Doctoral College case study

Aditya Bhat

Course studied: PhD Industrial Biotechnology/Microbiology

Graduated: 2012

Current role: Vice President at Aber Instruments Ltd

My experience of lecturing and presenting my research work during my PhD holds me in good stead when I am required to present my company's novel technology on the world platform.

One important factor for me to choose the University of Wolverhampton for my PhD program was the faculty and facilities. The supervisory team in particular, headed by Dr Iza Radecka, was crucial in influencing my decision to pursue a PhD at the University of Wolverhampton. In addition, the program was fully funded along with a bursary, which always helps.

Why did you choose the University of Wolverhampton for your doctoral studies?

One important factor for me to choose the University of Wolverhampton for my PhD program was the faculty and facilities. The supervisory team in particular, headed by Dr Iza Radecka, was crucial in influencing my decision to pursue a PhD at the University of Wolverhampton. In addition, the program was fully funded along with a bursary, which always helps.

What did you enjoy most about being a doctoral student at the University of Wolverhampton?

The primary enjoyment during my PhD came from the way my project shaped up as we went along. Again, having a competent, intelligent and motivational supervisory team to help you along the way was a boon. The University was very encouraging and had good training programmes on how to deal with the PhD program, from designing your experiments, always having a plan B to writing up your thesis. It also provides you with ample opportunities such as lecturing at the University, which I thoroughly enjoyed.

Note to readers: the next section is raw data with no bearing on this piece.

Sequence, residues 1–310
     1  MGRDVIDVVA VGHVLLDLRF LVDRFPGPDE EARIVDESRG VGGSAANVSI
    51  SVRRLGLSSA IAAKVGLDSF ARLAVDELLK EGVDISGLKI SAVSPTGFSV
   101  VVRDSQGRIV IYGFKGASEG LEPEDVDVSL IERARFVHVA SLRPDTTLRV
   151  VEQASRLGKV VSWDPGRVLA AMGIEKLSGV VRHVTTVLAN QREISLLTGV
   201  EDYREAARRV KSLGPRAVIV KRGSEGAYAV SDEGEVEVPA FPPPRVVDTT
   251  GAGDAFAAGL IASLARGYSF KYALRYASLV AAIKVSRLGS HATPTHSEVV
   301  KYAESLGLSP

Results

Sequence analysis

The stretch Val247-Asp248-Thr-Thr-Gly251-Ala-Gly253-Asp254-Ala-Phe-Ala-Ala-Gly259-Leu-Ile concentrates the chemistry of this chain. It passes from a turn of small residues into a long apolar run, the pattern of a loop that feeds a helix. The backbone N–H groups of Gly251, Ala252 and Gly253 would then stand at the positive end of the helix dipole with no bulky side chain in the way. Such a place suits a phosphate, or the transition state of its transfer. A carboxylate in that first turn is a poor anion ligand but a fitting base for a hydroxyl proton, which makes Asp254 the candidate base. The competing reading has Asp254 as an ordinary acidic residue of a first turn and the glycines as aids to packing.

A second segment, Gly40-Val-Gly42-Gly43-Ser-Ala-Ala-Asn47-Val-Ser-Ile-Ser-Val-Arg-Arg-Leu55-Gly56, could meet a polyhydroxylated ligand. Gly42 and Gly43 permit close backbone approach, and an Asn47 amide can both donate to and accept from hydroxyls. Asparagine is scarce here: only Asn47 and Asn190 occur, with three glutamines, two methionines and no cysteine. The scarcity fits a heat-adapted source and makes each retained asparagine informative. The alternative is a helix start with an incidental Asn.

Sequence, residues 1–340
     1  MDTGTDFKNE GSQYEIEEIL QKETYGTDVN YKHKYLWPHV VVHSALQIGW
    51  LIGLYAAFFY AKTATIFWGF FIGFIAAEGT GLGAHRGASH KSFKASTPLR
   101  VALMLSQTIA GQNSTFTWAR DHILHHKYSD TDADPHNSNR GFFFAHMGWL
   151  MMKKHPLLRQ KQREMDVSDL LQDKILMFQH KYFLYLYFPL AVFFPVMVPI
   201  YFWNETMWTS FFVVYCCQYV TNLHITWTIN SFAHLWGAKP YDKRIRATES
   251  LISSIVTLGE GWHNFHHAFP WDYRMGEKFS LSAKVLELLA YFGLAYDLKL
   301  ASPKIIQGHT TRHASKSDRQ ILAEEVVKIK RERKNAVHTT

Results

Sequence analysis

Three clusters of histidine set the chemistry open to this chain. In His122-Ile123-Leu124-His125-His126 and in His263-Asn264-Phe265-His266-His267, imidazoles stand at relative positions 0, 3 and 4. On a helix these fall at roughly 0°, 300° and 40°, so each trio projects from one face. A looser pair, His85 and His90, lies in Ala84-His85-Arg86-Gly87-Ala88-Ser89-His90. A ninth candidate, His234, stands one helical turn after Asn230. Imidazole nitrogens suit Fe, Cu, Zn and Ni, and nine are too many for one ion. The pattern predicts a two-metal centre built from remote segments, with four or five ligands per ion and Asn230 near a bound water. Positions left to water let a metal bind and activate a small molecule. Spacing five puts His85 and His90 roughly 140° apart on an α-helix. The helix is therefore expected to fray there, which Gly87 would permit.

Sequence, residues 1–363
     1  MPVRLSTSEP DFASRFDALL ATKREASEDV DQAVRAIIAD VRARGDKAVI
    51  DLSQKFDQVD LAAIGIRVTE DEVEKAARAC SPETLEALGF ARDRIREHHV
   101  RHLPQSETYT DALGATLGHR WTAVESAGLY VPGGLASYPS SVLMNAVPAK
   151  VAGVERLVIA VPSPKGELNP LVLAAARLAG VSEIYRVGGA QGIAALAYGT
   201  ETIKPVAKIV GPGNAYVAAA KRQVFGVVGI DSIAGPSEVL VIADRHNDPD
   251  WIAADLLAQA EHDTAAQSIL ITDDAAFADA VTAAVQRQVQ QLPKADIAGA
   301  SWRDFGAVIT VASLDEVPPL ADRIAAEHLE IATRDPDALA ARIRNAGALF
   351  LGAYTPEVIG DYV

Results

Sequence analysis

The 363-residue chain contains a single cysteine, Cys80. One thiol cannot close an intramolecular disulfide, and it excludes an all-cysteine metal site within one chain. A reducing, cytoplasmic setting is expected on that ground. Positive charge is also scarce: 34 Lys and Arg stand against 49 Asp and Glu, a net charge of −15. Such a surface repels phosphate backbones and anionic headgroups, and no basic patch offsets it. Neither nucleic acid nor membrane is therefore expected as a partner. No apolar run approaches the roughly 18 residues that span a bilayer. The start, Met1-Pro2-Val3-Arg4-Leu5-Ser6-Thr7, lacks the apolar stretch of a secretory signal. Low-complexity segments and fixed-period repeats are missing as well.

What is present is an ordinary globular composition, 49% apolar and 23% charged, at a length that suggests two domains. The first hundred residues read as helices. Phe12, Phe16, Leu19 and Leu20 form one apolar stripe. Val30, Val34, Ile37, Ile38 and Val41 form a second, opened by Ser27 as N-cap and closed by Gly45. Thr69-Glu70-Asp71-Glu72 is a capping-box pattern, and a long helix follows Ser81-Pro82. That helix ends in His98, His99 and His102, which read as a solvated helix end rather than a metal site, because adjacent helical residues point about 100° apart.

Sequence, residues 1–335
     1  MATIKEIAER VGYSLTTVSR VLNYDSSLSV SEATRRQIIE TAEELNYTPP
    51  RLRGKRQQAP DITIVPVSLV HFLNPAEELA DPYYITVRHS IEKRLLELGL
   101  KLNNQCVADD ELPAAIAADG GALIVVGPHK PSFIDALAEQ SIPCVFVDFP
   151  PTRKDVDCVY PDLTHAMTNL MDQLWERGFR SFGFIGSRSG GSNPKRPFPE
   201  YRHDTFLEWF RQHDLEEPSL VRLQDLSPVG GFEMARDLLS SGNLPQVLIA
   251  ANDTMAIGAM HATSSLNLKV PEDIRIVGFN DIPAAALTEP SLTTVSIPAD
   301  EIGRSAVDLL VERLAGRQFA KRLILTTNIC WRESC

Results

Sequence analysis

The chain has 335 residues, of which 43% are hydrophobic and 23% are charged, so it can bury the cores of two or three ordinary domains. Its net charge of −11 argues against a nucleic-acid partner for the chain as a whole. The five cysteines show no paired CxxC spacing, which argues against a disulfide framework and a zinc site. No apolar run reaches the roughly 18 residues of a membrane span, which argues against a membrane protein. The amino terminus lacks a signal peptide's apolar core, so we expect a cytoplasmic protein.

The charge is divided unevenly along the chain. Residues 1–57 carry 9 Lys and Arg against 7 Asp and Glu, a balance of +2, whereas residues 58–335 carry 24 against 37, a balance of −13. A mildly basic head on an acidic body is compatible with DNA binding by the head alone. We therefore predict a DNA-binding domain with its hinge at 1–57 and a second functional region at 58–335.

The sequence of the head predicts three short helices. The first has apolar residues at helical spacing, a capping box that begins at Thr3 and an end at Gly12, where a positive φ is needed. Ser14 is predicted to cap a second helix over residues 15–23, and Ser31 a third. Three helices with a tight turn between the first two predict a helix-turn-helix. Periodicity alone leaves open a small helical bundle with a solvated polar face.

What are you doing now and how did it prepare you for your current role?

Presently, I am the Vice President at Aber Instruments Ltd, which is a Welsh bio-instrumentation company, that makes biomass sensors for biopharmaceuticals and breweries. My job requires me to travel around the world for technical support, business development etc. Apart from making me technically confident, the PhD programme at the University of Wolverhampton also taught me important soft skills, ones that I utilise very often in my current job profile. For instance, my experience of lecturing and presenting my research work during my PhD holds me in good stead when I am required to present my company's novel technology on the world platform.

What tip would you give a new doctoral student?

I am no one to give advice as such, except present my own experience. It is very important to choose the right supervisory team and a topic in which you are genuinely interested. A PhD programme is a long and exacting commitment, so it is all the more important to enjoy the process. It is also crucial to have a good work life balance, to ensure longevity.